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Citalopram-resistant depression: cognitive therapy and medication similarly effective as second line treatments
  1. Sagar V Parikh
  1. University Health Network and University of Toronto, Toronto, Canada

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Dr Thase

Correspondence to: Dr Thase, University of Pittsburgh Medical Center, 3811 O’Hara Street, Pittsburgh, PA 15213-2593, USA; thaseme{at}



Cognitive therapy or pharmacotherapy as second-line for people with citalopram-resistant depression—which is more effective?


304 out-patients with non-psychotic major depressive disorder (clinically established diagnosis verified through DSM-IV criteria) enrolled in the Sequenced Treatment Alternatives to Relieve Depression (STAR*D) study who did not achieve remission (remission defined as Quick Inventory of Depressive Symptomatology score ⩽5) with first-line citalopram treatment. This analysis included only those people who agreed to be randomised to treatment strategies (augmentations, switches or both) which would allow cognitive therapy to be compared with pharmacotherapy.


Primary care and psychiatric care practice settings across the USA; recruitment July 2001 to April 2004.


Participants who did not achieve remission were randomised to one of seven second-line treatments: ongoing citalopram with sustained-release bupropion, buspirone, or cognitive therapy (augmentation strategies; n = 182); or discontinuing citalopram and starting therapy with sertraline, sustained-release bupropion, extended-release venlafaxine, or cognitive therapy (switch strategies; n = 122). In this pragmatic RCT, data were analysed in strata according to what treatment options participants considered acceptable. Only those strata which would allow a direct comparison of cognitive therapy (as augmentation or switch) versus pharmacotherapy were included. These were strata where participants had said they would accept “only augmentations”, “only switches”, “any treatment (except switch to cognitive therapy)”, “any treatment”, “any treatment (except medication augmentation)”, “any treatment (except switch to medication)”.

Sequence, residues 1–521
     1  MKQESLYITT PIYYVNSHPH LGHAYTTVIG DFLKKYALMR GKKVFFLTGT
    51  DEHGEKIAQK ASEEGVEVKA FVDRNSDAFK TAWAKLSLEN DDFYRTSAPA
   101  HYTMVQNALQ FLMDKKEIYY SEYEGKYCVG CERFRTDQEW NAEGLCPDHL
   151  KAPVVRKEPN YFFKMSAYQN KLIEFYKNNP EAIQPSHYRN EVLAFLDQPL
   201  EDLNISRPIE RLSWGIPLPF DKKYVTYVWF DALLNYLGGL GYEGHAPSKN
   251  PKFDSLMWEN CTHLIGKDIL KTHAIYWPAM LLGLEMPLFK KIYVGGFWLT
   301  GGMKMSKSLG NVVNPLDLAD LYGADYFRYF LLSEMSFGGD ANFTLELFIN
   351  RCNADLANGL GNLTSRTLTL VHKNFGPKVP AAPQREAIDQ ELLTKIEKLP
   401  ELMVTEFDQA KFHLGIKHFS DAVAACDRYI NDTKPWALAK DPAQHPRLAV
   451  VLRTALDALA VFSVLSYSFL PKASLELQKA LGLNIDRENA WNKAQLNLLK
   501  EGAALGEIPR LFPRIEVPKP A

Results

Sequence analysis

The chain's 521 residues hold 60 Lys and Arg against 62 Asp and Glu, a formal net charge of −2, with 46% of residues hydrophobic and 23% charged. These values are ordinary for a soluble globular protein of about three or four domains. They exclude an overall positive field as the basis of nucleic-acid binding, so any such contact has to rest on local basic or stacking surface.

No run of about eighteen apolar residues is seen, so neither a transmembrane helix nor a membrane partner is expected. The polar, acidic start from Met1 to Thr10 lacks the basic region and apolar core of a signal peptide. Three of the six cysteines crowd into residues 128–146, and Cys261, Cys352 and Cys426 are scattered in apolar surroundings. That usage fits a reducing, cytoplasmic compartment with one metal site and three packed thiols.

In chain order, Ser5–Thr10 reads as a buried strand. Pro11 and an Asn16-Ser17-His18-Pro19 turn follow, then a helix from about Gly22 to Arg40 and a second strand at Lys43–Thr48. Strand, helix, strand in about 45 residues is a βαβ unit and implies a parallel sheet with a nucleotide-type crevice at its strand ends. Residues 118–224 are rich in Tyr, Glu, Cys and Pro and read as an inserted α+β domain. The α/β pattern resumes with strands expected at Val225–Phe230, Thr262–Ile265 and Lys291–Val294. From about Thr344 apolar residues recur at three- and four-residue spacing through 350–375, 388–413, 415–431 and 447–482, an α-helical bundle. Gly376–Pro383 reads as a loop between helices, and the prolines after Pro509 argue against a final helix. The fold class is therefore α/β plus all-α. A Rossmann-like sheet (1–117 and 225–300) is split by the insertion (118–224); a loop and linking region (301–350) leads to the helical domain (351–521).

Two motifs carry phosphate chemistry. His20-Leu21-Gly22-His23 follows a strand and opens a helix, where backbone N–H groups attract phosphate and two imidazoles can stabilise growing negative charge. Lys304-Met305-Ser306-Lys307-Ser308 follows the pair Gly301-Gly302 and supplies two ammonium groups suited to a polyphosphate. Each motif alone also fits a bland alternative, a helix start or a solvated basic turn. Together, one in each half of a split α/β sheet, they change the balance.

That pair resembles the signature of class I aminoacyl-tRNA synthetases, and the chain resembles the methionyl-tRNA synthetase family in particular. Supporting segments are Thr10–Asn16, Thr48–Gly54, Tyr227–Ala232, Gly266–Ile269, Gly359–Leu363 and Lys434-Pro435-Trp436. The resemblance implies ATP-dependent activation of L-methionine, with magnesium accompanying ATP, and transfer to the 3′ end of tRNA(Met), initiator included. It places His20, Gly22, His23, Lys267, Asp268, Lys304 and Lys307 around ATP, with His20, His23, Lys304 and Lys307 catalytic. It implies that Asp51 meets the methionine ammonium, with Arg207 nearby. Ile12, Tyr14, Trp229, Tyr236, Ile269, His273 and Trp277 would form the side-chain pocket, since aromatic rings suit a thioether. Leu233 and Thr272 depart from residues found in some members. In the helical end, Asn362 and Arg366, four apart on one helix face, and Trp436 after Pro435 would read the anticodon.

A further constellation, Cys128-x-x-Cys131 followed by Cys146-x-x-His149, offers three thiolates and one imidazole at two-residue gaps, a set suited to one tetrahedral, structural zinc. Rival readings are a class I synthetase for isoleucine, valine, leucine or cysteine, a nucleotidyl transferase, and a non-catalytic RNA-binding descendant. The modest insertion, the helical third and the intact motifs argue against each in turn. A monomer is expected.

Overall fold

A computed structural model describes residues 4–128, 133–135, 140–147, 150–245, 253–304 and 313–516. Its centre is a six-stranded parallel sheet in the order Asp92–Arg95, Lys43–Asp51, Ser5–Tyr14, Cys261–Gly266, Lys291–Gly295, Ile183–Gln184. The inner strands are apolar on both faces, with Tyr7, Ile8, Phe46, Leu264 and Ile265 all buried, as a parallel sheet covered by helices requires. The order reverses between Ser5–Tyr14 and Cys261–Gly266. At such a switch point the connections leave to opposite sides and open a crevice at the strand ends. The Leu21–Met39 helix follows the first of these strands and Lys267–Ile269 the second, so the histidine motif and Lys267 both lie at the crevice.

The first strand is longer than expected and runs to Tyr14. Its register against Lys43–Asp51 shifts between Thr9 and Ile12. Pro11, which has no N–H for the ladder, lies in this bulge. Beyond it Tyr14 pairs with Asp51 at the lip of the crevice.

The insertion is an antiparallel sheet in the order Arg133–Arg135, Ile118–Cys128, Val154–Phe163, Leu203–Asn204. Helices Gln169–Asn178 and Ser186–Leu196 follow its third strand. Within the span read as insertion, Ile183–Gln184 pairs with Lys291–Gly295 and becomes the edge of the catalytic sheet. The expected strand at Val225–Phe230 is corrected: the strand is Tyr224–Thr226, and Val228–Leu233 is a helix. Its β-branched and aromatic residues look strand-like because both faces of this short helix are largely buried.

Depression remission (score ⩽7 on the Hamilton Rating Scale for Depression (HAM-D)) assessed at the beginning and end of treatment through telephone interviews; time to remission.

Patient follow-up:

Unclear; only 27/101 (27%) of people randomised to cognitive therapy (augmentation or switch) completed the full 16 sessions of scheduled treatment.



Randomised controlled trial.




Single blind (assessors blinded).

Follow-up period:

12 weeks.


There was no difference between augmentation with cognitive therapy and augmentation with medication in rate of remission from depression (remission rate: 23% with cognitive therapy vs 33% with medication; p = 0.1967). Augmentation with medication reduced time to remission (p = 0.022). There was no difference between switch to medication and switch to cognitive therapy in remission (remission rate: 25% with cognitive therapy vs 28% with medication; p = 0.6881). There was also no significant difference between groups in the time to remission (p = 0.9350). The number of people experiencing side effects was greater with medication switch, but discontinuation because of intolerance to treatment was not significantly different between switch arms (17% with cognitive therapy vs 27% with medication; p = 0.2330).